Despite his undoubted talent as a composer, the pressure of having to score one six-minute cartoon a week for two decades inevitably meant that Stalling would recycle ideas and, more often than not, arrange already composed music. Indeed, Warners' animated shorts, especially the much loved "Merrie Melodies" series, were designed to plug songs used in the studio's live-action features. Its music library and publishing companies were huge, and between these resources and public domain material, Stalling most often found it expedient to simply look for song titles which suited a character, situation or mood. If one associates the song "Lady in Red" with classic Warner Brothers cartoons, it's because the song plays seemingly every time a female character wearing any red appears onscreen. Similarly, scenes of eating rehashed "A Cup of Coffee, a Sandwich, and You". "I'm Looking Over a Four-Leaf Clover" accompanies an overhead shot of Wile E. Coyote chasing the Road Runner on a highway clover leaf, and Stalling made frequent and especially memorable use of bizarre and darkly comical songs by Raymond Scott such as "Dinner Music for a Pack of Hungry Cannibals".

Stalling was one of the older members of the team that produced one of the sustained highs in the history of animated cinema, but he stayed with the unit through its peak years of the late 1950s. He gradually gave his assistants, especially Milt Franklyn, more of the work until he retired from Warner Brothers in 1958. Unfortunately, Stalling did not live to see the revival of acclaim for American animated cinema so prominent at film festivals, in colleges offering courses on the subject and in the spate of appreciative histories written. But his place was secure nonetheless, and the playful experimental bravura of his best work was later collectively reissued on compact disc, and stood up remarkably well on its own.

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Filmographyclose complete filmography

CAST: (feature film)

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Milestones close milestones

1904:
Began work in the film industry as a piano player in early moviehouses, playing music between reels of different short films
:
Became orchestra leader and theater organist at the Isis Theater in Kansas City, MO; also produced a number of short singalong films shown as part of silent film programs at major theaters
:
Met Walt Disney while conducting orchestra in Kansas City
1928:
Scored second and third Mickey Mouse cartoons, "Gallopin' Gaucho" and "Plane Crazy"
:
Suggested to Disney the idea that music should suggest the animated image rather than merely support it; led to the development of the famous "Silly Symphony" series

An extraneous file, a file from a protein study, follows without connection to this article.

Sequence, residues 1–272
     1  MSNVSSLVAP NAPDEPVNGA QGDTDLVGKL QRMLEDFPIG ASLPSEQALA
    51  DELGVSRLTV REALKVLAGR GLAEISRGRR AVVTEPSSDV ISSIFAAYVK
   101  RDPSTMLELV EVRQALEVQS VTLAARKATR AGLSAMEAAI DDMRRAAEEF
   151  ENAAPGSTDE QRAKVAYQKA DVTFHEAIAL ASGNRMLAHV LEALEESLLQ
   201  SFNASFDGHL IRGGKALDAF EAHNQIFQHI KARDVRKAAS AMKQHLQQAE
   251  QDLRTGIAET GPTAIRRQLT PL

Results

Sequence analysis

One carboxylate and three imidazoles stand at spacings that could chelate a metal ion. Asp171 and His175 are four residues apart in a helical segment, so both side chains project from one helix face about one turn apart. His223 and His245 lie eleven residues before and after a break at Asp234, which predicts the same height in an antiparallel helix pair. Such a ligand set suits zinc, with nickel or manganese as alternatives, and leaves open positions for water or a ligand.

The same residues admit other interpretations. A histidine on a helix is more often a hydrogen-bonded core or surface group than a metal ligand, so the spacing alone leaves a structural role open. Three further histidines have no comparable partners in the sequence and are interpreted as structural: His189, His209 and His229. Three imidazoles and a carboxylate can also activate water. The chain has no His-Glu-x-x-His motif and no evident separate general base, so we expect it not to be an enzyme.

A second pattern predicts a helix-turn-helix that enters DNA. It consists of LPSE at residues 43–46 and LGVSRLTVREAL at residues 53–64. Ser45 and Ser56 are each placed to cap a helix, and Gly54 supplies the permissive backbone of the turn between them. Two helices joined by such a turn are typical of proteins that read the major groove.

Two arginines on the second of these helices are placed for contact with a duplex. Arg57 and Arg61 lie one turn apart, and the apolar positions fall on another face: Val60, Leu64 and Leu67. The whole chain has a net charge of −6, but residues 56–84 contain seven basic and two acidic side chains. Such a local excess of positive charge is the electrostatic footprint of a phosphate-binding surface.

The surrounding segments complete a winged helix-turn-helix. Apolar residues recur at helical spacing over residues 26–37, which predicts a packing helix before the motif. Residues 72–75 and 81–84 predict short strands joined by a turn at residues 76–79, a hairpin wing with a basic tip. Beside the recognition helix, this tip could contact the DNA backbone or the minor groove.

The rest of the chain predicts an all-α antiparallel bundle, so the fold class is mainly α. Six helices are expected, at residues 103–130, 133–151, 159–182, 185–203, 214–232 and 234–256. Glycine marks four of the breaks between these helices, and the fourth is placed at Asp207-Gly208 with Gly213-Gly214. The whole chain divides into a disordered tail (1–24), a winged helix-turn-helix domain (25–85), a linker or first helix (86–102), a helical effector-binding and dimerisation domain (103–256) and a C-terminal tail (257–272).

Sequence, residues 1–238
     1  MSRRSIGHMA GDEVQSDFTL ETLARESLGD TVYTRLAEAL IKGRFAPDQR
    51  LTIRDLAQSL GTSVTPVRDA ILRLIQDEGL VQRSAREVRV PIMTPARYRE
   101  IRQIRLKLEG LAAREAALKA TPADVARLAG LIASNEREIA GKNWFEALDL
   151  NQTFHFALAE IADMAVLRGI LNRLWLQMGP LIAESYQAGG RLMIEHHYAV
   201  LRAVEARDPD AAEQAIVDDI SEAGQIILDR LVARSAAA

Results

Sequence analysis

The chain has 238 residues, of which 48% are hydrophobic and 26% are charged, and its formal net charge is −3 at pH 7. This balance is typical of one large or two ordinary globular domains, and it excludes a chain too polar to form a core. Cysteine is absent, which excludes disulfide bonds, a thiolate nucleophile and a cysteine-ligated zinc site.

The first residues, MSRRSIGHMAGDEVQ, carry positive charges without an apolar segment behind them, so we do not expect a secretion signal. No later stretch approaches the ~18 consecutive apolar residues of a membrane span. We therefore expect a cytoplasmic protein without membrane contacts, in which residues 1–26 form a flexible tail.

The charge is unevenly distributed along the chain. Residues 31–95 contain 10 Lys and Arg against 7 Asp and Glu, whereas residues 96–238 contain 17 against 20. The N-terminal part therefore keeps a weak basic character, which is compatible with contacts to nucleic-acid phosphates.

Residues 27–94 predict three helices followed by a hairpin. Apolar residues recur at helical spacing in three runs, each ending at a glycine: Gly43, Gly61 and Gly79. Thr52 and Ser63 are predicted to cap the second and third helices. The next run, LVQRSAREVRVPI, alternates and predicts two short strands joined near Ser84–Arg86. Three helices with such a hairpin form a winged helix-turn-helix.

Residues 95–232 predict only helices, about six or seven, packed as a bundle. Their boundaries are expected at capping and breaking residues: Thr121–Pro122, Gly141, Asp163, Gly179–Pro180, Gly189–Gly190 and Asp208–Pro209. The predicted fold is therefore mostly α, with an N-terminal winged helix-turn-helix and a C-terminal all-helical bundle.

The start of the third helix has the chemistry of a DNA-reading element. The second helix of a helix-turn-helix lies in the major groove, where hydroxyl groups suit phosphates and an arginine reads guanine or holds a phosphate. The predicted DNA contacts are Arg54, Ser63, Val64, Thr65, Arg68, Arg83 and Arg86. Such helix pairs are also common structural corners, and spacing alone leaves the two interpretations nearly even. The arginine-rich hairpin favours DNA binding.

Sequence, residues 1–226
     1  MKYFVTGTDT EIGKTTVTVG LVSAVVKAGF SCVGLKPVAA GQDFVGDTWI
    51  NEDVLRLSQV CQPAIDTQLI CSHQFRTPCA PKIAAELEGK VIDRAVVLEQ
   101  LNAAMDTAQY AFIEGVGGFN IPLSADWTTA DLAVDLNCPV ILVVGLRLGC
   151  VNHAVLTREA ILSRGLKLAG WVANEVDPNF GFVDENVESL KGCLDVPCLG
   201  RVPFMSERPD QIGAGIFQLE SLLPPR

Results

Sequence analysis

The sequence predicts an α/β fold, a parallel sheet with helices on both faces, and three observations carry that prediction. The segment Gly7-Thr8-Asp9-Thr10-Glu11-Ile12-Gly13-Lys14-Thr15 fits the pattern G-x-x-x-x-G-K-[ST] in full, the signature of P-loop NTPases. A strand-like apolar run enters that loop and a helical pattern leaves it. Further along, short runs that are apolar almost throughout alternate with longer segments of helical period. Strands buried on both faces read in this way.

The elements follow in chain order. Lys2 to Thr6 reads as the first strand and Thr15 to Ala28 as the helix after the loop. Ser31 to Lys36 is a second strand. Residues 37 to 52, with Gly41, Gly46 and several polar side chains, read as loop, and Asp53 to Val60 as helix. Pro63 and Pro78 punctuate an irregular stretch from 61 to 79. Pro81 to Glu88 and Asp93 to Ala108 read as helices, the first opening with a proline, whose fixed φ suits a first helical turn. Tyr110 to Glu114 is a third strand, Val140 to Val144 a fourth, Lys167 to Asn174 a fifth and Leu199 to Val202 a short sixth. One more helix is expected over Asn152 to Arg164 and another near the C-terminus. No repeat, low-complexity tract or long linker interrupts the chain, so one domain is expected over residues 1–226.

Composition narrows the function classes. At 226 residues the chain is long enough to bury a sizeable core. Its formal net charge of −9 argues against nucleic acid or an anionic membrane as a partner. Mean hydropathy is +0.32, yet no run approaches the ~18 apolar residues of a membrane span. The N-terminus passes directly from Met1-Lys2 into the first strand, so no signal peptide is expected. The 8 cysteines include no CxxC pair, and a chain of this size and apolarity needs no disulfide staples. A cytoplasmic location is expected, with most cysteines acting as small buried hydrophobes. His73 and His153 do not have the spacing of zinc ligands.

1930:
Left Disney when the producer and his key animator Ub Iwerks had a falling out; Stalling accepted a job offer in New York which fell through; later worked on "Aesop's Fables"
1930:
Joined Ub Iwerks to score "Flip the Frog"
1936:
Began affiliation with Warner Brothers after the Iwerks studio closed and was absorbed by Leon Schlesinger's unit at Warners
1958:
Retired from Warner Brothers
VIEW ALL MILESTONES

Notes

"He was a strange little man, but probably the most innovative musician who ever worked in animation. He invented the "tick" track, which is used by everybody. He was the one who did the original music for "Skeleton Dance" (1929) when he was at Disney before coming to Warner Brothers. He was a brilliant musician. But the quickest way for him to write a musical score--and he did one six-minute cartoon a week--was simply to look up some music that had the proper name. If there was a lady dressed in red, he'd always play "The Lady in Red". If somebody went into a cave, he'd play "Fingal's Cave". If we were doing anything about eating, he'd do "A Cup of Coffee, a Sandwich and You". I had a bee one time, and my God if he didn't go and find a piece of music written in 1906 or something called "I'm a Busy Little Bumble Bee". --Animation director Chuck Jones

Question: "Was there any problem with the rights to these things?"

Jones: "The original purpose of Merrie Melodies was to plug Warner Brothers songs. They owned four or five big music companies, so if he couldn't find music there, Stalling would find it in public domain. Stalling was good at writing his own music, but he seldom did."

--The above from "Chuck Jones Interviewed" by Joe Adamson, in "The American Animated Cartoon", edited by Gerald Peary and Danny Peary (NY: E.P. Dutton, 1980)

Companions close complete companion listing

wife:
Gladys Stalling. Survived him.